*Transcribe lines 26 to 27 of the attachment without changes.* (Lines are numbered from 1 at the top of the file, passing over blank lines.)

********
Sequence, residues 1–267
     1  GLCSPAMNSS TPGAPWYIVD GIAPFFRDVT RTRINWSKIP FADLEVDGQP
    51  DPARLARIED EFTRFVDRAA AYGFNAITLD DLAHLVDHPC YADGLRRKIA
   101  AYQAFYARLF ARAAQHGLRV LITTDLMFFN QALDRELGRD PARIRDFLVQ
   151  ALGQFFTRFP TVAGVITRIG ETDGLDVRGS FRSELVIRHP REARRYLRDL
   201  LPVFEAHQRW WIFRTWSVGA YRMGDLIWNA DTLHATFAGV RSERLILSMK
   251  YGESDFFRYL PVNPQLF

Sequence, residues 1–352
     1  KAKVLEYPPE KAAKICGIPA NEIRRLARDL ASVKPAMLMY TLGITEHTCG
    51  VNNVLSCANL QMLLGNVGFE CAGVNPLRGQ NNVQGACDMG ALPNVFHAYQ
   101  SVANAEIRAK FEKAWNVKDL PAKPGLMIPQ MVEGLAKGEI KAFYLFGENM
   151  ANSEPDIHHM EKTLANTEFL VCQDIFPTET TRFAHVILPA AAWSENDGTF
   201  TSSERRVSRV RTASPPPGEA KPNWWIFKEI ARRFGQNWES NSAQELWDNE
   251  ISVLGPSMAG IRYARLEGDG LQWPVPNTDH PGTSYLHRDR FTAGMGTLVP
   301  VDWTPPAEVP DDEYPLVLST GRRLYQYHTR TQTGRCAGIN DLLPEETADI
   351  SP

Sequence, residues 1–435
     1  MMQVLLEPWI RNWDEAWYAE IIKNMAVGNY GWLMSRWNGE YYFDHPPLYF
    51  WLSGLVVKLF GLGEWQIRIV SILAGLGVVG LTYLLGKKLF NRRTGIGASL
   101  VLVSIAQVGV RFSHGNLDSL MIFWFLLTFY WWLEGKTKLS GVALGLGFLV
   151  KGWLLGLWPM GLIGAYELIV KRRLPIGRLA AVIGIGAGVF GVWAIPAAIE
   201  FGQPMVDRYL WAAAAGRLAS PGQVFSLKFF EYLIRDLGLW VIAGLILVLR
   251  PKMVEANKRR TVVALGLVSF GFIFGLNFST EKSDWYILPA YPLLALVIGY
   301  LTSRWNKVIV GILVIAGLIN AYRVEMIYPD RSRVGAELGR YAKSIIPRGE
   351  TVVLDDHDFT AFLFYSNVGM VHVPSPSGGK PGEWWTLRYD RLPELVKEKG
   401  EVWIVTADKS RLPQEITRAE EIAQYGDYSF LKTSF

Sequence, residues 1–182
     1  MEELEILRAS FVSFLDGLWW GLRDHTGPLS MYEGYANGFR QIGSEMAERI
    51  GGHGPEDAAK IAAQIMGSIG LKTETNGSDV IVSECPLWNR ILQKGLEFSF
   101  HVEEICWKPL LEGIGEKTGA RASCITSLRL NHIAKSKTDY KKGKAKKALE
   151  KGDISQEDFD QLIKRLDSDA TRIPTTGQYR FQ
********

   401  EVWIVTADKS RLPQEITRAE EIAQYGDYSF LKTSF

Sequence, residues 1–182